Please take a moment to review Hachette Book Group's updated Privacy Policy: read the updated policy here.

A Game of Birds and Wolves

A Game of Birds and Wolves

‘Splendid… a triumph’ John Lewis Stempel, Sunday Express

‘Compelling’ Sunday Times

1941. The Battle of the Atlantic is a disaster. Thousands of supply ships ferrying vital food and fuel from North America to Britain are being torpedoed by German U-boats.

Prime Minister Winston Churchill is concealing from the country the number of British ships sunk. He is concealing the number of British men killed. And worst of all, unless something changes, he knows that Britain is weeks away from being starved into surrender to the Nazis.

This is the story of the game of battleships that won the Second World War. In the first week of 1942 a group of unlikely heroes – a retired naval captain and a clutch of brilliant young women, the youngest only seventeen years old – gather to form a secret strategy unit. On the top floor of a bomb-bruised HQ in Liverpool, the Western Approaches Tactical Unit spends days and nights designing and playing wargames in an effort to crack the U-boat tactics.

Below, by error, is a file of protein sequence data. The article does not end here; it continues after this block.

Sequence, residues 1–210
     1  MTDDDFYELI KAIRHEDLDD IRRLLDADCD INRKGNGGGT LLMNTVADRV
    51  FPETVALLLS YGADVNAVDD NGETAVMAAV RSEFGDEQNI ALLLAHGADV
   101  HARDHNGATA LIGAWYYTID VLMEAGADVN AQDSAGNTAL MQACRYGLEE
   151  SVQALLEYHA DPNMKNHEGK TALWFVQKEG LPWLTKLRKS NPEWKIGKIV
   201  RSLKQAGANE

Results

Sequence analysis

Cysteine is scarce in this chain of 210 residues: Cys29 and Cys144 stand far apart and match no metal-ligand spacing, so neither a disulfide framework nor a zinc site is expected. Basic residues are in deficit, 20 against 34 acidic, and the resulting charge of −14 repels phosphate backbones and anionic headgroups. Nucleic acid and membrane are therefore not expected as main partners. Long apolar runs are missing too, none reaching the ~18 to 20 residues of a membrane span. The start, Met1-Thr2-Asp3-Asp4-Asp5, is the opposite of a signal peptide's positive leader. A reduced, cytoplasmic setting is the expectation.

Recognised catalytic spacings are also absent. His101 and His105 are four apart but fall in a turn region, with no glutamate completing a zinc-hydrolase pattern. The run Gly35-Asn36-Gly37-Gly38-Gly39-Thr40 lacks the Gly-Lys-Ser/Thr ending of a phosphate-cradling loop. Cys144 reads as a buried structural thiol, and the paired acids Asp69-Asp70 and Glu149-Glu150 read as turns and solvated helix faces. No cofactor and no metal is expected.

A Game of Birds and Wolves takes us from the sweltering fug of a U-boat as the German aces coordinate their wolfpack, to the tense atmosphere of the operation room as the British team plot battles at sea on the map.

The story of Operation Raspberry and its unsung heroines has never been told before. Investigative journalist Simon Parkin brings these hidden figures into the light and shows the ingenuity, perseverance and love needed to defeat the Nazis in this gripping tale of war at sea.
Read More

Genre: Humanities / History / Military History

On Sale: 7th November 2019

Price: £20

ISBN-13: 9781529353051

Reviews

'[A] splendid new history of the war in the Atlantic . . . Simon Parkin's book rips along at full sail and is full of personality and personalities. Above all, it brings a barely known aspect of the sea war out into the light. Which is a triumph in itself.'
John Lewis Stempel, Sunday Express